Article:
Controlled Foreign Companies: The CFC Charge Gateway Chapter 6 -Trading Finance Profits: Banking Safe Harbour Regulations
The Banking “safe harbour” Regulations - SI 3041/2012 contain detailed conditions which enable banking CFCs to apply a mechanical capitalisation test. If a CFC meets the conditions set out in the Regulations, no Chapter 6 charge will arise in respect of the profits arising from the banking business of the CFC.
TIOPA10/S371FD confers the necessary powers for these regulations. The purpose of these regulations is to provide an alternative to the main Chapter 6 conditions for a CFC carrying on banking business. That alternative is a mechanical calculation which compares the tier one capital ratio of the CFC with the tier one capital ratio of the group as a whole.
Such a comparison may well form part of the process of assessing whether a banking CFC has excess free capital. However, these regulations are intended to offer an alternative, mechanical “safe harbour”. Unlike the capital interest test in the previous CFC regime, this banking safe harbour is based on UK regulatory capital ratio requirements. The aim here was to provide a safe harbour which was relatively simple to apply, and aligned with existing regulatory requirements.
The Regulations themselves are relatively short and straightforward. They are structured as follows.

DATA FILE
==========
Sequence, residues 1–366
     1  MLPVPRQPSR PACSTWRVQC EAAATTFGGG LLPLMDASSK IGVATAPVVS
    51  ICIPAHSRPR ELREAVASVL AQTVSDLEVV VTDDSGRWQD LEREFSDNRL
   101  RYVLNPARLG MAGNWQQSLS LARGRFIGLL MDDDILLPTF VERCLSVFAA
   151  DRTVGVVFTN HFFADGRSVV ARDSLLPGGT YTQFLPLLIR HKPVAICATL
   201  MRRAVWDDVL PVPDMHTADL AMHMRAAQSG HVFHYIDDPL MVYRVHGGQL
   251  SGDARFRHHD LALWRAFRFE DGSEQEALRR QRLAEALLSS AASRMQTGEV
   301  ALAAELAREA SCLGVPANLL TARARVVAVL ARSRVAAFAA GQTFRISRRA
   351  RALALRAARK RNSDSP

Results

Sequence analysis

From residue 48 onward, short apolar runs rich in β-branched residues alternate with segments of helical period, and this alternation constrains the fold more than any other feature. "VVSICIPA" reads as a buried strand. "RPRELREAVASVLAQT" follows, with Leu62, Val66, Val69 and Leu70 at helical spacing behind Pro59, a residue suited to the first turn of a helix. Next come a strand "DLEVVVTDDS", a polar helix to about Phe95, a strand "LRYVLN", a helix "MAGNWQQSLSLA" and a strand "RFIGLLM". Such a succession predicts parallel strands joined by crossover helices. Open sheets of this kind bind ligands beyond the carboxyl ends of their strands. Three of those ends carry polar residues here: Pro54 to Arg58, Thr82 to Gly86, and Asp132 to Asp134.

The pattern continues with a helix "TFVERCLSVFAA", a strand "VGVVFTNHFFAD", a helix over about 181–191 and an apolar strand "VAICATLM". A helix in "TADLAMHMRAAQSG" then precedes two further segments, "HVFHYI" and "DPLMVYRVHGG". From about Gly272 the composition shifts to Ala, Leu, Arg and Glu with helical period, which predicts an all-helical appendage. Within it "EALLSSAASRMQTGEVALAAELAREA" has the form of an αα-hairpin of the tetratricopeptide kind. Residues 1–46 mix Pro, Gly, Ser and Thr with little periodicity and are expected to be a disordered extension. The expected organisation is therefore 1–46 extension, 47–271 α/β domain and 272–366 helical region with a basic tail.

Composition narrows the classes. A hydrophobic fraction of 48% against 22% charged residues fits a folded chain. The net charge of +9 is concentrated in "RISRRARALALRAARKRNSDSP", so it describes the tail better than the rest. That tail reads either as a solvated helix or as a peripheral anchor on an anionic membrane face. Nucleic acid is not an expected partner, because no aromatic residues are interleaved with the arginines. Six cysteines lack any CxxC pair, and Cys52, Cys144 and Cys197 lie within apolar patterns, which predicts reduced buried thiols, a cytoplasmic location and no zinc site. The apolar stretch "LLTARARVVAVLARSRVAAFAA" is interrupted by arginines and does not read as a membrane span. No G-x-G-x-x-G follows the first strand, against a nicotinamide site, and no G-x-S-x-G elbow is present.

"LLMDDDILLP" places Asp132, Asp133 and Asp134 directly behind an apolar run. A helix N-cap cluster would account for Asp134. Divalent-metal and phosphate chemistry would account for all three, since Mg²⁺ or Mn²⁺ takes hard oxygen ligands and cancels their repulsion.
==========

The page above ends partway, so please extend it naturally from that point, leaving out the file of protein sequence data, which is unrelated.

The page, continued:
- Regulation 2: Interpretation. This defines the terms used in the Regulations. These are covered in more detail below.
- Regulation 3: Disapplication of the primary legislation. Provided that the conditions within Regulation 4 are met, step 3 of Section 371FA(1) will not apply to the trading finance profits which arise from the banking business of the CFC.
- Regulation 4: Sets out the capital requirements test, the details of which are set out below.
- Regulation 5: Supplementary provisions which provide the necessary definitions and formulae to apply the capital requirements test in Regulation 4.
Definitions used in Regulations
The Regulations are based on the requirements of the Financial Services Authority (FSA) Handbook, and in particular on the requirements set out in BIPRU 11 and GENPRU 2 Annex 2 of the FSA Handbook.
These FSA rules set out requirements for banking groups to make regulatory returns which set out the consolidated capital position of the group. In particular, these regulatory returns set out details of the risk weighted assets and the total tier one capital of the group.
Regulation 2 simply uses the terms employed by the FSA Handbook as the basis for terms used in the safe harbour regulations. In particular, the regulations are based on the requirement that there is a group for which a return of consolidated information is required under BIPRU 11 - for the purposes of the regulations, this group is called a “UK Banking Group”.
Regulatory Capital Requirements Test
The actual capital “safe harbour” test is set out in regulation 4. It comprises three conditions. All three conditions need to be met in order for the Chapter 6 charging mechanism to be turned off by Regulation 3.
- Regulation 4(1) The first condition is that the CFC must be a member of a UK banking group throughout its accounting period.
- Regulation 4(2) The second condition is that the tier one capital ratio of the CFC at the end of its accounting period does not exceed the capital ratio limit of the group.
- Regulation 4(3) The third condition is that it must be reasonable to suppose that the average tier one capital ratio of the CFC throughout the accounting period does not exceed the capital ratio limit.